These are all great comments but I think that Kathryn hit it on the head for me. We have to write for ourselves first, to feel connected to our work, and if you think about it, you know when you have reached a good place with your writing. You feel good. As for critics, we will always be our own worst critic. So perhaps we should take what we think will help and forget the rest.

  • Michelle

    Good for you.

  • What amazing responses. So much better than the articles I kind of peeked at. ;) The truth is here: all words in response to our words join us on our journey somehow. Making us better writers, deepening our understanding of ourselves or others and ultimately keeping us writing, which I think is what each of you are saying, too. One of my favorite quotes from the movie Shadowlands  is this: "The pain now is part of the happiness then. That's the deal." We can't really choose not to have pain (rejection) we can only choose how we deal with it.

    Dylan, I'll post on the Review page, too. Why didn't I think of that!

  • Skye Blaine

    Glo's comment seems so true. Really solid advice. Give it time. And Linda, too: praise never made us better writers.

    Criticism can vary. I appreciate the constructive kind, but occasionally I've experienced harsh, rather mean retorts. Oh well. Sometimes it says more about the person who made the comment. And sometimes, hidden within the harshness, is truth we need to hear.

  • Cindy,

    I look back over 42 years of writing; acceptance; rejections; bad, good, unfair or even outrageously prejudiced reviews, people who loved my writing or hated it; people who liked my writing but decided they didn't like me or my viewpoints or the way I dotted an i; readers who nit-picked every tiny thing that really never seemed to make a difference in my opinion...and I've learned one thing. IT DOESN'T MAKE ANY DIFFERENCE. PEOPLE WILL LIKE, LOVE OR HATE YOUR WRITING - OR YOU -  and if you're a real, true writer, you just keep on writing your books for the readers you can/do touch and for...yourself. Always for yourself. That's all you ever need to remember.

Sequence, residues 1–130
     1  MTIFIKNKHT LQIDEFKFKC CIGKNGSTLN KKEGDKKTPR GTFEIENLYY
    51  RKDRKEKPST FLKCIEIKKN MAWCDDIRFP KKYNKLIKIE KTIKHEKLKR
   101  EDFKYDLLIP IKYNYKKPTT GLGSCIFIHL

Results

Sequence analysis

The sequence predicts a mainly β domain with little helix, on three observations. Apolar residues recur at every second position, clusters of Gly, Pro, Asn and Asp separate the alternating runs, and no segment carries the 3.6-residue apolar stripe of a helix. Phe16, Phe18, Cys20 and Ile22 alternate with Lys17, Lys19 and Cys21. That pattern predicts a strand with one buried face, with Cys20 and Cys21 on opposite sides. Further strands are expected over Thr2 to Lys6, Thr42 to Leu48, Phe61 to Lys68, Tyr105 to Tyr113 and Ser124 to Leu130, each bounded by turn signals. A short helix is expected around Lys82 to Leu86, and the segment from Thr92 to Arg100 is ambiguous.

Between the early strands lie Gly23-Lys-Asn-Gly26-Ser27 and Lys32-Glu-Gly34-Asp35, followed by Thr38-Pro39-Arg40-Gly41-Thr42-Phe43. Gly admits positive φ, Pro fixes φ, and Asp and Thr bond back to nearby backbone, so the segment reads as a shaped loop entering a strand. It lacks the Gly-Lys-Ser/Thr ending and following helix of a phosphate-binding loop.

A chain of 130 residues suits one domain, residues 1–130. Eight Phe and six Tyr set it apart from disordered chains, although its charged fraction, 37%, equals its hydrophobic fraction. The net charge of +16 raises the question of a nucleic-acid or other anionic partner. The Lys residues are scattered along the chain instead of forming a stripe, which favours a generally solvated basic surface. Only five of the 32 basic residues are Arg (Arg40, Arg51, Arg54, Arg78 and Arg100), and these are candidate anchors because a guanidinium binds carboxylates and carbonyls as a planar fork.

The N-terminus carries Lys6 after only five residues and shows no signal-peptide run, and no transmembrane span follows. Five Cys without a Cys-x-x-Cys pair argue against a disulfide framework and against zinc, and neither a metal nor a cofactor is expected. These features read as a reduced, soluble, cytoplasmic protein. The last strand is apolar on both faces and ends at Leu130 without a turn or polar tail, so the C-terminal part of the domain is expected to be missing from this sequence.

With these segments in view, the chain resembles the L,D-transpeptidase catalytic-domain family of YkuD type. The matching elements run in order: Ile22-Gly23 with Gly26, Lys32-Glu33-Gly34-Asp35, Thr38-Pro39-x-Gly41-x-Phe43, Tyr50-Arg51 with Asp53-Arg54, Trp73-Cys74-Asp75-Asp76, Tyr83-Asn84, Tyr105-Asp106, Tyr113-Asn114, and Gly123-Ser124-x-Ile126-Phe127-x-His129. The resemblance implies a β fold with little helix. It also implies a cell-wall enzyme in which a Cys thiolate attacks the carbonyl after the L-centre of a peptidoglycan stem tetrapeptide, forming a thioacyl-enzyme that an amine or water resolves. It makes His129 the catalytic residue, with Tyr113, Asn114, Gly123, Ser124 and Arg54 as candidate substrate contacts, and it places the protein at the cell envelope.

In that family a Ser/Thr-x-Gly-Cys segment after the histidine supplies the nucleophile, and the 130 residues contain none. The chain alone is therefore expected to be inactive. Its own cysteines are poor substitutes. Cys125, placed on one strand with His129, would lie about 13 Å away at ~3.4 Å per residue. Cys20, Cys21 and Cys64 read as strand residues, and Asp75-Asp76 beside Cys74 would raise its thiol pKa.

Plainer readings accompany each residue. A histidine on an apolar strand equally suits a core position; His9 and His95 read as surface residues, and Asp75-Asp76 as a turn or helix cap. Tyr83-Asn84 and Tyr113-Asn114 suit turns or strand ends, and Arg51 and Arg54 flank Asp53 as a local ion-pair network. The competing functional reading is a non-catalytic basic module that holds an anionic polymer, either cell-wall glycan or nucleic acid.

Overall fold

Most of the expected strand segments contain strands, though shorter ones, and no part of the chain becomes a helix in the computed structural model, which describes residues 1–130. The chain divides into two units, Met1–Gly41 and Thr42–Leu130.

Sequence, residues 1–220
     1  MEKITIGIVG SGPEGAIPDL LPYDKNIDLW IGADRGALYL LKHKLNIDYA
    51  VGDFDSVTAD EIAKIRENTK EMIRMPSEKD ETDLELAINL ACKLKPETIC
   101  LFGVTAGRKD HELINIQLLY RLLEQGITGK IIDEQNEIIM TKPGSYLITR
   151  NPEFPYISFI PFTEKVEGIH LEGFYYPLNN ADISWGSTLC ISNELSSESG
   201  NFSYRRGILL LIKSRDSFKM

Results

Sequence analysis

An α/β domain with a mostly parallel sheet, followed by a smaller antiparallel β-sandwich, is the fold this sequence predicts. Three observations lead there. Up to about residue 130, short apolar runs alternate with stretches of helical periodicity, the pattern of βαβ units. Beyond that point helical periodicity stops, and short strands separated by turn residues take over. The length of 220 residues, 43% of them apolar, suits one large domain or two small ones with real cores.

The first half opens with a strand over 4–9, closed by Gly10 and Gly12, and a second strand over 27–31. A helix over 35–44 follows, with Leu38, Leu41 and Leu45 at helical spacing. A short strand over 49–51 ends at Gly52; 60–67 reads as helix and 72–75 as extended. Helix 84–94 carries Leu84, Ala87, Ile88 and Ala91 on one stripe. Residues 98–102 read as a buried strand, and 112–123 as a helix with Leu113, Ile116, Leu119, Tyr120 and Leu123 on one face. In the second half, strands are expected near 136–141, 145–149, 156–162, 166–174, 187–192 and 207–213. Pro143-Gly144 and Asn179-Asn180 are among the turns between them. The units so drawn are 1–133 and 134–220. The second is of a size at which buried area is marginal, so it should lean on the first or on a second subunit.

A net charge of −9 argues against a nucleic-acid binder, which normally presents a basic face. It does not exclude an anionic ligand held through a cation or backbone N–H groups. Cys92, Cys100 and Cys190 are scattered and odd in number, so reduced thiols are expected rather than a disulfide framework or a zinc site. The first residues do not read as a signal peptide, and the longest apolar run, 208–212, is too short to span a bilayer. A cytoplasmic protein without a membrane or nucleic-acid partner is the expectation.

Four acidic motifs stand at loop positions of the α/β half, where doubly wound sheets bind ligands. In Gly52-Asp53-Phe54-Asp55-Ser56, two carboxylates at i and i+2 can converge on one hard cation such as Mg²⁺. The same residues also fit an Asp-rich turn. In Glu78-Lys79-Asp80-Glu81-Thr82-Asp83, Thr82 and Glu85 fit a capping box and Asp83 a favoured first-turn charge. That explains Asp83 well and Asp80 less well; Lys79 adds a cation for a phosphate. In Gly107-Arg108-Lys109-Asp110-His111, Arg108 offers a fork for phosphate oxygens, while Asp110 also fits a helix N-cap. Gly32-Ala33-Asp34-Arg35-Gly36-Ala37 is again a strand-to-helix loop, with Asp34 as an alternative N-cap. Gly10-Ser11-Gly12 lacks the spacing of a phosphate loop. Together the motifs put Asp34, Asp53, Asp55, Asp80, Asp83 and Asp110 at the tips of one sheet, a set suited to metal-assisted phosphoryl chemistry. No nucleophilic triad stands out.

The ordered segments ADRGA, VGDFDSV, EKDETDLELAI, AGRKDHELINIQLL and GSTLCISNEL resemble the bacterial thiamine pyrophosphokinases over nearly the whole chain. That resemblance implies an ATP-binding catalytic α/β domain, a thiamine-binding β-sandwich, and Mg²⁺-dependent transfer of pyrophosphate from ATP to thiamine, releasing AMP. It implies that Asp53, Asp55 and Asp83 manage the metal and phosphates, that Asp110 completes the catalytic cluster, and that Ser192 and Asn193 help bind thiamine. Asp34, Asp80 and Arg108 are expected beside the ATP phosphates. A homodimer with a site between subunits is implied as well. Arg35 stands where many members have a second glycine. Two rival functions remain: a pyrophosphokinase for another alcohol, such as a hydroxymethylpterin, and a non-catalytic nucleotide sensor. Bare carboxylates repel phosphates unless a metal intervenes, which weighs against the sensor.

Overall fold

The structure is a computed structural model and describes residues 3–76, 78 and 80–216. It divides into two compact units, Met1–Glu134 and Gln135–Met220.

• Linda Hallgren

    I'm a slush pile reader for a magazine, and it's made me realize that there are a lot of reasons for rejecting a submission that has nothing to do with the story being bad. This is not to say that there aren't bad stories out there, but chances are you get rejected because your story doesn't "feel" right for that particular publication, or the person reading your submission prefers a different style etc etc. I guess what I'm trying to say is, a flat rejection without feedback is not something worth lingering on.

    Criticism on the other hand I've learned to appreciate. Not saying I'm immune to it, even constructive criticism makes me sad or angry sometimes. But that being said, and while it can be inspiring, praise never made me a better writer. Use the criticism that seems reasonable to improve (and we can always improve), and let the rest of it slide, or let it piss you off. Whatever it is that gets you inspired and keeps you writing, use it for that.

    For anyone that hasn't participated in a writer's workshop, I can highly recommend it. It will thicken your skin and give you a chance to share your writing with people who (hopefully) genuinely wants to help you become a better writer.


  • Glo Gray

    Best way to deal with criticism is "give it time". When you first read it, you react emotionally. Then you go away, mull, decide the criticism was all wrong and concoct reasons why. A bit later, you ponder it a while, and eventually go back and re-read with out as much of the fresh sting. After enough time and enough re-visitations, you can think more objectively about what might be useful to apply to your writing, after all! Other best tip is "expect not to be perfect!". 

  • J. Dylan Yates

    Thank you so much for writing this piece at precisely this moment, Cindy!

    I can think of several people, whom we both know, who will appreciate hearing we share a deep vulnerability to the opinions of others when we put our hearts on the page. It just helps me to know I'm not alone. Will you share this on the "Review" page I just created for SWP authors? So timely! Also, will you share a wonderful review as well? It helps. It really does!!  

  • How do I deal with rejection and criticism? Get flushed, cry, lash out. Try to remember the one person (besides my parents) who said it was great. And most of all, recall when, at age 16 and attending a theater program at Northwestern, our motley group of teen thespians attended a play in Chicago and had vastly different opinions about whether we loved or hated it. Nothing...nothing...will please everyone, and unfortunately we can't muzzle those who didn't enjoy it (certainly a tiny minority). Last, go back and ask my parents to tell me one more time how much they loved it: "PULITZER!"